You will have seen recent communications from the Principal regarding the return of some staff to campus. We are seeking members’ views on the key health and safety issues this raises. We are particularly interested in hearing from members working in laboratory spaces, where the return to work is already beginning, but we want to hear from as many colleagues as possible.

In meetings with management, the branch committee and Health & Safety reps have emphasised there must be no rush to return to campus while it is not clear if there will be a second wave of infections. The return must prioritise safety, both of those who return to campus and those who continue to work from home. Any return to campus must be accompanied by a risk assessment which is communicated to staff in good time and shared for meaningful consultation with the trade unions.

To help us represent you on these issues, please follow the steps below if you are asked to return to campus.

  1.  Access your risk assessment

    If you have been asked to return to campus, you should make sure that a COVID-19 risk assessment has been prepared and that you have had a chance to read it. All members of staff should be able to access risk assessments through the university’s MySafety portal.

    If you have been asked to return to work but no risk assessment has been completed, contact your line manager and tell us as soon as possible. No one should be asked to return to work without a proper risk assessment.
     
  2. Check if the risk assessment is suitable and sufficient

    Just because a risk assessment has been conducted for your area does necessarily not mean that returning to work is safe for you. Some of the information may not be accurate, and the controls may not be appropriate or realistic. There may be additional circumstances relevant to you or your role which the general risk assessment does not capture. For example, you might be particularly vulnerable to COVID-19 or caring for family members who are. You can ask your line manager for a specific risk assessment of your own role if you feel this is the case.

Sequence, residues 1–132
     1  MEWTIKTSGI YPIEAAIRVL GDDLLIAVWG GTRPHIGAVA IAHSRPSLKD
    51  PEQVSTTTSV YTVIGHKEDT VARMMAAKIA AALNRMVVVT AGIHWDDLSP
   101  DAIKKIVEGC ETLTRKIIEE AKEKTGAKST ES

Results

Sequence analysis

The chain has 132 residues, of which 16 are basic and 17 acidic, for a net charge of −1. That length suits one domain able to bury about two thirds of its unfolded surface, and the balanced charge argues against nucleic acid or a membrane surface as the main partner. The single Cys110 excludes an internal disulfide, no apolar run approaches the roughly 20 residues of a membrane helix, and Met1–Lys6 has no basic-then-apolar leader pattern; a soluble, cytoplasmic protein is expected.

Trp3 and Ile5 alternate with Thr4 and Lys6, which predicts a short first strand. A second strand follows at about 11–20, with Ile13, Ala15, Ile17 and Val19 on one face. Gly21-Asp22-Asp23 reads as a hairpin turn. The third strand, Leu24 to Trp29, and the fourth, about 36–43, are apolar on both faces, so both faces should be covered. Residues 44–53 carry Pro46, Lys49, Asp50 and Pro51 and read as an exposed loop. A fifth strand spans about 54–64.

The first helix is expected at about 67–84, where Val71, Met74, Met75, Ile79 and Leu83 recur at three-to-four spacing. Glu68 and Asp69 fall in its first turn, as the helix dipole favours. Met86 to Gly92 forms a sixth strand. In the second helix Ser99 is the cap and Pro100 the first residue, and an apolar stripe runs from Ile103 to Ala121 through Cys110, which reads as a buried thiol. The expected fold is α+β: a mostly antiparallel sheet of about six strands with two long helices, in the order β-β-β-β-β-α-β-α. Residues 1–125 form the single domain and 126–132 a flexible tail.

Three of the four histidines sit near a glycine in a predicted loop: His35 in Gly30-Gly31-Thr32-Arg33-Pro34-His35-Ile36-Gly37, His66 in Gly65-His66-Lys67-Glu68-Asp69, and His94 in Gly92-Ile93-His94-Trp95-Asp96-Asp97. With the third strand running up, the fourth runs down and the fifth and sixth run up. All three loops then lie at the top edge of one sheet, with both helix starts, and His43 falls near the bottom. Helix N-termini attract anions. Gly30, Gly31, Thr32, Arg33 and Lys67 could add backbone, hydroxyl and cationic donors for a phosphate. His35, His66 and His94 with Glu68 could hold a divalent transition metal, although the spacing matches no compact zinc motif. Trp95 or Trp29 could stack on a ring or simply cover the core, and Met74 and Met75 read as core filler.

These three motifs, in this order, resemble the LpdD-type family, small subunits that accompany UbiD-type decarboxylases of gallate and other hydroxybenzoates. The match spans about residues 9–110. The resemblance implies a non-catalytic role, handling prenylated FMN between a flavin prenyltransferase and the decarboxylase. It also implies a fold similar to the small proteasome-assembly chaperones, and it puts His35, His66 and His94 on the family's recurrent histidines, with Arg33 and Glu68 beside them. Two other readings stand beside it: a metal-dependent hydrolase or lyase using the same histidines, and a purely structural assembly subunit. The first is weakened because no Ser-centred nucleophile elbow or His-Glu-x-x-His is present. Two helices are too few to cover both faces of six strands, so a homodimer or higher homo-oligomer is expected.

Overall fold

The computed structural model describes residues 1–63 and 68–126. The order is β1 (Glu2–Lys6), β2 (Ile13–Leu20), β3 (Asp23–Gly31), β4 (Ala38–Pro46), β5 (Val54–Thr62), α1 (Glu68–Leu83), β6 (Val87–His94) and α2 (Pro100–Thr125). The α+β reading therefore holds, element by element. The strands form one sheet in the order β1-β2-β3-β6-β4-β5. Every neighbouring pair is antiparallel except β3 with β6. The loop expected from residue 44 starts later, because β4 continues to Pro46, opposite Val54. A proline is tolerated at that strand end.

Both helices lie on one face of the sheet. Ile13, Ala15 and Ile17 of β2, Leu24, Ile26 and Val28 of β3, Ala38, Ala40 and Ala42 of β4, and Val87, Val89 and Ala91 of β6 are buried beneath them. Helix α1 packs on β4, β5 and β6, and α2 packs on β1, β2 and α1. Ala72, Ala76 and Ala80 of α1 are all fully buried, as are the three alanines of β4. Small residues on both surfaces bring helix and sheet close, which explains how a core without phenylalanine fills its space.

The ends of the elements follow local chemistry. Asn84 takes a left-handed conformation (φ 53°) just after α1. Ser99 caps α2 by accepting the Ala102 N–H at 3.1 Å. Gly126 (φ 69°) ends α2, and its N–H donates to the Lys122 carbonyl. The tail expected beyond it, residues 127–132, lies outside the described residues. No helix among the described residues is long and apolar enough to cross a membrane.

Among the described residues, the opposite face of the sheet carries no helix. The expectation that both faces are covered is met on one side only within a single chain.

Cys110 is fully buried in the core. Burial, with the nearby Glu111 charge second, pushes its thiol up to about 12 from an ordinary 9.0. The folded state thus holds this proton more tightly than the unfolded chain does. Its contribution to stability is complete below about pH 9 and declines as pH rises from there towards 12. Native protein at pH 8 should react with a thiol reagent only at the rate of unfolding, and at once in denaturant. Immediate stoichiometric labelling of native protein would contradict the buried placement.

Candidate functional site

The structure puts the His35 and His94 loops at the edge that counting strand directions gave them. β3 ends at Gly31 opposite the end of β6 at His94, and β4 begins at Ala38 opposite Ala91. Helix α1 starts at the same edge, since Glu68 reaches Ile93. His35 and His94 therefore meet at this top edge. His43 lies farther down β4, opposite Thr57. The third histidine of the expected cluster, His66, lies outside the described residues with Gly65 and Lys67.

Remember: you are the person best placed to know how to carry out your job safely. If a risk assessment doesn’t look suitable and sufficient, you can draw on your experience to seek improvements. You can also speak to your colleagues, even if they are not union members, and find out if they have any concerns.
     
  3. Make your local concerns heard by contacting the union

    If you have a health and safety concern about the university’s plans for returning to work, contacting your union is the best way to raise it. Employers are legally obliged to consult with trade unions about matters of health and safety. We regularly meet with university management and participate in the university-wide Health and Safety Advisory Group. We represent all members of staff at these meetings, even those who are not union members

As we review risk assessments, we would like to hear from you. Is there a pressing concern in your area which is not being considered in the risk assessment? Are the control measures feasible? Do your colleagues have similar concerns?

If you have any information which you can share, please contact a union rep in your department or email QMUCU at contact@qmucu.org.

Furthermore, if you are interested in becoming a Health and Safety Rep who can formally represent your department, please let us know.